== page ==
Kezia Dugdale: Summer’s no holiday for our poorest kids

Many children go hungry without access to school meals
Many children go hungry without access to school meals
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School’s out for summer ... well, very nearly. It’s close enough for children across Edinburgh to be excited and for parents to be absolutely petrified. What exactly are you going to do with them?

Juggling work, sports clubs and school-gate pick-ups is hard enough at the best of times, but for some city families the summer is a trapeze act that is pulled off by luck more than anything else.

The SNP has made great strides forward in providing childcare for three and four-year-olds. But it’s only for 32 weeks of the year and doesn’t include the summer months. Someday soon, a very brave person might like to ask why we still model our school holidays around an antiquated farming calendar.

There’s no state childcare in the summer and what you can find and buy into is patchy, expensive, and tends to only operate between 10am and 4pm. Sure there are lots of sporting clubs and summer camp opportunities, but too many demand upfront fees which are just impossible for families on a budget to meet. Finding wraparound childcare in summer months is like the holy grail and you still need a golden elephant to pay for it.

A pal of mine was 15 minutes late to pick up her kids from an Easter holiday play group. She was fined £45 – £15 for each child. That was the Saturday treat gone, all because one train was late.

It’s economic madness too. There’s no doubt that productivity drops in the summer months as those with children navigate all this and it would be so easily fixed if the powers-that-be recognised that childcare needs get harder when school’s out.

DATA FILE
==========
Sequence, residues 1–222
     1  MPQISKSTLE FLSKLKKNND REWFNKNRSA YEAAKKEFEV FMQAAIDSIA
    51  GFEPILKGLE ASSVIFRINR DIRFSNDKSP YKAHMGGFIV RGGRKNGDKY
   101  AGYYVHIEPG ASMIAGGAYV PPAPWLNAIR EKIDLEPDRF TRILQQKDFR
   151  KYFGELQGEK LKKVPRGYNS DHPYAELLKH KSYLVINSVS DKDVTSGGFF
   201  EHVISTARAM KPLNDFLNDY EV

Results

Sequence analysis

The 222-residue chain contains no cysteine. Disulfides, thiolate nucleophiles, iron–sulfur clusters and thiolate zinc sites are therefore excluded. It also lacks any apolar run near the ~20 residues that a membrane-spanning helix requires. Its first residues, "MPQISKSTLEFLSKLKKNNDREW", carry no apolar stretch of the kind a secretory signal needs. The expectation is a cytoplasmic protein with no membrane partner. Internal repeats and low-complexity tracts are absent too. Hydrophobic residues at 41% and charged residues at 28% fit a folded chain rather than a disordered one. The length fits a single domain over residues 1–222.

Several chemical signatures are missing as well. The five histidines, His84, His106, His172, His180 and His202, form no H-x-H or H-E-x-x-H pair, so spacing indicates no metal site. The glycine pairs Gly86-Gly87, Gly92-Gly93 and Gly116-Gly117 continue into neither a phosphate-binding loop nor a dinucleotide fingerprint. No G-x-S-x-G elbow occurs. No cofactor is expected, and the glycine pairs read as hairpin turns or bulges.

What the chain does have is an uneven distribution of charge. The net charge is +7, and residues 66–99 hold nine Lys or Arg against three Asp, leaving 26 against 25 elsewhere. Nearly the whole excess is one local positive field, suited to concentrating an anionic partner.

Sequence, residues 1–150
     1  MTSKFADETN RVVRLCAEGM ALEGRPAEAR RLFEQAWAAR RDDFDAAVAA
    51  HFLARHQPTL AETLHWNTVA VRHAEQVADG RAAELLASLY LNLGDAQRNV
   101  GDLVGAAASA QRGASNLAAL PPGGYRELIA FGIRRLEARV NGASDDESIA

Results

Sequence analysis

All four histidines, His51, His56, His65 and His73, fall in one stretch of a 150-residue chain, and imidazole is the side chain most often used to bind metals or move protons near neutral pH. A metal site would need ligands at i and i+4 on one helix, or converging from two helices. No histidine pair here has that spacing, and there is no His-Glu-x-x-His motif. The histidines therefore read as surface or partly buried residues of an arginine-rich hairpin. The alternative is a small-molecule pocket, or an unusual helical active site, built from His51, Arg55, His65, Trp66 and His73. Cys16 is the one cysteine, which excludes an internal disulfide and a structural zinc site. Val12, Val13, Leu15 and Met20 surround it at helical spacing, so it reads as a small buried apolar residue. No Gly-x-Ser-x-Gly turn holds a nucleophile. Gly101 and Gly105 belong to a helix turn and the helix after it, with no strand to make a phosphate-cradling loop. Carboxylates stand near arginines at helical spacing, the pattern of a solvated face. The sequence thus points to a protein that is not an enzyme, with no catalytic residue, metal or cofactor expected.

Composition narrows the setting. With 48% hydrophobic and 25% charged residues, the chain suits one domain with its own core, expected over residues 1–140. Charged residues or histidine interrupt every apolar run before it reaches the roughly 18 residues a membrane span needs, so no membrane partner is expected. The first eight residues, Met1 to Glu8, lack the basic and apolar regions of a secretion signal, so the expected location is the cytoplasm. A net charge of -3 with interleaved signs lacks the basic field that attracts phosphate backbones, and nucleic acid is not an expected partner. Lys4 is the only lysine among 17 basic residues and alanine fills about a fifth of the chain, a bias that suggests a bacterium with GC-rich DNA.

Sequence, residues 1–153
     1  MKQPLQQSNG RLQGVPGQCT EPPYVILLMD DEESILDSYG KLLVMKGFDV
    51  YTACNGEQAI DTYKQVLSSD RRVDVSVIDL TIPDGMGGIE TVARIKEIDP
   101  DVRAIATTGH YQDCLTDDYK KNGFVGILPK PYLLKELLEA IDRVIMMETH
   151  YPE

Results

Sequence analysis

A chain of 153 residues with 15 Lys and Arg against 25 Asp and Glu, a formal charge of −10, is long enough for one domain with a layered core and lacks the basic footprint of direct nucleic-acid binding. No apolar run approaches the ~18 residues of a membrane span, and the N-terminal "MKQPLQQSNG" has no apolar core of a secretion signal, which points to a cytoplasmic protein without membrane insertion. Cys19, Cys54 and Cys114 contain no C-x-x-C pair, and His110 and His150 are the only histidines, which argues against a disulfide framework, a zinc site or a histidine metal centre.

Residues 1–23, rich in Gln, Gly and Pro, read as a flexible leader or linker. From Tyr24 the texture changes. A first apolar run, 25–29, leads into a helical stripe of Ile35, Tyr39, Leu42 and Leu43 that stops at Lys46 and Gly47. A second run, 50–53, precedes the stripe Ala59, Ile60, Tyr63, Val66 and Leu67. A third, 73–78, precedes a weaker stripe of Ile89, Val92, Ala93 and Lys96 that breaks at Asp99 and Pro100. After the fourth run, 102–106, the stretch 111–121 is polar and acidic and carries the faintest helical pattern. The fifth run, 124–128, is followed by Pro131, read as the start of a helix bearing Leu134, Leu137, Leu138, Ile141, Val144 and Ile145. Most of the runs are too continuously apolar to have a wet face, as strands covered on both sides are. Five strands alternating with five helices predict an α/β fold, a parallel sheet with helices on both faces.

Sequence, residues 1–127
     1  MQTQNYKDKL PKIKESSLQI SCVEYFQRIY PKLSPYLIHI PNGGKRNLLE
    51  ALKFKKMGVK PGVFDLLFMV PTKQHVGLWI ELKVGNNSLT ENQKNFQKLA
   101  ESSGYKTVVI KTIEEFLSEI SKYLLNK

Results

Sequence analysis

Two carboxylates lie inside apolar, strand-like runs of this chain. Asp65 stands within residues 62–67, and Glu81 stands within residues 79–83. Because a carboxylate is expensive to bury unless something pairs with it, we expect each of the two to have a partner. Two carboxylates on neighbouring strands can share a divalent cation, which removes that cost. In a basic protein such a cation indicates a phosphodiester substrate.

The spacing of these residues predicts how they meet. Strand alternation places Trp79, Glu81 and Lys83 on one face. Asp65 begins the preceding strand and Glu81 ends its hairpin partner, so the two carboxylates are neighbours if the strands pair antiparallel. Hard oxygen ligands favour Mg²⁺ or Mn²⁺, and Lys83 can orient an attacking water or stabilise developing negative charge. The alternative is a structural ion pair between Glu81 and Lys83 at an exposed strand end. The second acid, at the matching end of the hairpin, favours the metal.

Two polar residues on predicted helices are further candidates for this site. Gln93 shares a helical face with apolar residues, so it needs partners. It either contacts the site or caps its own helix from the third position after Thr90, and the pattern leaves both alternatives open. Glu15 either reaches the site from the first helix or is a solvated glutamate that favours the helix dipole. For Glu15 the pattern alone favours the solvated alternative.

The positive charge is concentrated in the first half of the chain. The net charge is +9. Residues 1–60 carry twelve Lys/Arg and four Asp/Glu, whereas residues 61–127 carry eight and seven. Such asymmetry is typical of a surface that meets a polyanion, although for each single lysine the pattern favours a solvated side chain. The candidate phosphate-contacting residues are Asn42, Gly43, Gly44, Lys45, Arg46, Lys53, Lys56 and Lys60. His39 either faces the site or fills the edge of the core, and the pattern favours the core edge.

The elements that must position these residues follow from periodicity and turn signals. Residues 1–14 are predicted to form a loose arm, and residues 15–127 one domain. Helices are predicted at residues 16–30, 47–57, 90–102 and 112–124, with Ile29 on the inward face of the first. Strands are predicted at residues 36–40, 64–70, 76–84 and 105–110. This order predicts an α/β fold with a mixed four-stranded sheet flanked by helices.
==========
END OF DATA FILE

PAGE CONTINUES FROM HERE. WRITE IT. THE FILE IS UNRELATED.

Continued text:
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Think also of all the kids who get free school meals when school is sitting. Are they expected to go hungry in July? I suppose we should be thankful those families don’t have to worry about putting the heating on too right now.

Closing the attainment gap is supposed to be the number one mission for First Minister Nicola Sturgeon. That’s the gap between the country’s richest and poorest children. Responsibility for closing it is lumped almost entirely on teachers. But their contribution is limited to six hours of a five-day week for 32 weeks of the year.

Any progress made over the past few months now hangs in the balance as the nature of your kids’ summer determines whether they’ll be in line with their peers when schools go back in the August. At the heart of the mission to close the attainment gap must be a goal to eradicate poverty, including that faced by the working families caught in a cycle of working longer hours to pay for rising childcare bills. That means a fairer tax system that redistributes wealth to those most in need. The forthcoming roll-out of Universal Credit is going to exacerbate all these problems and the Tories should hang their heads in shame.

Yet there’s more the Scottish Government and local councils could do as well. What if free school meals were available all summer if kids turned up for two hours of maths and English lessons in the mornings? Childcare, full bellies and literacy skills. What more could you want? Apart from the sun to keep shining.

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